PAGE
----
6.155. It is said by the Shruti that Jiva and Ishvara are creations of Maya, being reflections of Atman in it. Ishvara is like the reflection of the sky in the cloud; Jiva is like the reflection of the sky in water.
6.156. Maya is comparable to a cloud and the mental impressions in the Buddhi are like the water-particles which make up the cloud. The reflected consciousness in Maya is like the sky reflected in the water-particles of the cloud.
6.157. Shruti says that this (pure universal) consciousness reflected in Maya is Ishvara which controls Maya as well. The great Ishvara is the inner ruler, omniscient and cause of the universe.
6.159. The omniscience and other properties of the bliss sheath are not to be questioned, because the assertions of the Shruti are beyond dispute and because everything is possible in Maya.
6.171. In the Gita Sri Krishna says: ‘O Arjuna, the Lord abides in the hearts of all beings and makes them revolve by His Maya as if mounted on a wheel’. [Gita: XVIII-61]
6.174. The meaning of the expression ‘The Lord makes them revolve by His Maya’, is that the Lord by his power of Maya becomes involved in the intellect-sheath and seems to change with the operations of the intellect.
6.186. Ishvara is endowed with the power of Maya which is the power of manifesting and demanifesting, so the objections to the theory that creation has a beginning or that it is evolutionary or that things are naturally endowed with certain special qualities do not apply to it.
6.187. Ishvara through the Tamas of Maya is the cause of the inanimate objects and through the reflection of the supreme intelligence Ishvara is the cause of the Jivas.
6.195. By deep enquiry and by the application of the rules of interpretation to the Vedic text we come to know that Brahman is associationless and unconditioned by Maya, whereas Ishvara is the creator conditioned by Maya.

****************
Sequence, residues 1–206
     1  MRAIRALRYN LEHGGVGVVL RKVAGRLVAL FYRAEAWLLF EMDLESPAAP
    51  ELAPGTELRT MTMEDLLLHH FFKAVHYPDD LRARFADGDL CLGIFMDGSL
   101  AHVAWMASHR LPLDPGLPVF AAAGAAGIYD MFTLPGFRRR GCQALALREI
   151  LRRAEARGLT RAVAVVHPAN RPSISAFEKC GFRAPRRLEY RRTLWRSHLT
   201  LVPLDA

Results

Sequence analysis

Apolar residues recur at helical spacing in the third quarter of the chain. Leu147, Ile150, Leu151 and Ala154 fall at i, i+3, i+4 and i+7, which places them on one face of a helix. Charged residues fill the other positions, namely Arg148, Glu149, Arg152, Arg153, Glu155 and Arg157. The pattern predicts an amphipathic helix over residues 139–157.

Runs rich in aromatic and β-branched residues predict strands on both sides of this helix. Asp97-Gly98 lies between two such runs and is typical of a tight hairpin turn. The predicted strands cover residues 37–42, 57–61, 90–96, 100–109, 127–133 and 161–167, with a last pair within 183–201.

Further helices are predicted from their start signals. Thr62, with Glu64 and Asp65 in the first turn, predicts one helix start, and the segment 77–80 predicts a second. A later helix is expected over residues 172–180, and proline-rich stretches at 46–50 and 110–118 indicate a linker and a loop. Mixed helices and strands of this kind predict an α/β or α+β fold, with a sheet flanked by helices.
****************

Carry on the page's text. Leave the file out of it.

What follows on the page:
6.197. Another Shruti says that Ishvara, the Lord of Maya, creates the universe, whereas the Jiva is controlled by Maya. So Ishvara, associated with Maya, is the creator.
6.212. Maya has created Ishvara and Jiva, represented by the sheath of bliss and the sheath of intellect respectively. The whole perceptible world is a creation of Ishvara and Jiva.
6.214. Those who do not know the nature of Brahman, who is secondless and associationless, fruitlessly quarrel over Jiva and Ishvara, which are creations of Maya.
6.223. Influenced by the beginningless Maya, people think that Jiva and Ishvara are totally different from each other. In order to eliminate this erroneous belief the Vedantin enquires into the meaning of ‘That’ and ‘Thou’.
6.226. The sheath of bliss and the sheath of intellect have as their conditioning adjuncts Maya and the modification of Maya called Buddhi respectively, but the basis of both is the one pure Atman, which is immutable.
6.236. Maya is said to be the desire-fulfilling cow. Jiva and Ishvara are its two calves. Drink of its milk of duality as much as you like, but the truth is non-duality.
6.238. The non-dual reality, as declared in the Shruti, existed before creation, exists now and will continue to exist in dissolution; and after liberation Maya deludes the people in vain.
6.246. The whole world is a product of the inscrutable Maya; be convinced of this and know that the fundamental real principle is non-duality.
6. 289. On the supreme consciousness the world is drawn like a picture on canvas; thus is Maya superimposed on consciousness. When we forget the adventitious distinctions, consciousness alone remains.
7.3. The Shruti says that Maya reflecting Brahman, creates both Jiva and Ishvara. Jiva and Ishvara, in their turn, create the whole of the rest of the universe.
7.72. “The (absolute) consciousness conditioned by the primeval ignorance, Maya, which is the cause of the universe, is all-knowing etc., and can be known indirectly and whose nature is truth, knowledge and infinity, is indicated by the word ‘That’.”
7.217. This Chidabhasa is a product of Maya. Shruti and experience both demonstrate this. The world is a magical show and Chidabhasa is included in it.
8.49. The substratum, on which stands the illusion of the whole world, is described in the Vedanta by the word Brahman.
8.50. When the whole world of Maya is recognised as a superimposition on this one consciousness, Brahman, what to speak of Jiva who is only a part of this world.
8.60. The Shruti declares that Jiva and Ishvara are both reflections of Brahman in Maya. They are, however, different from material things in that they are transparent (i.e., revealing) just as a glass jar is different from earthen ones.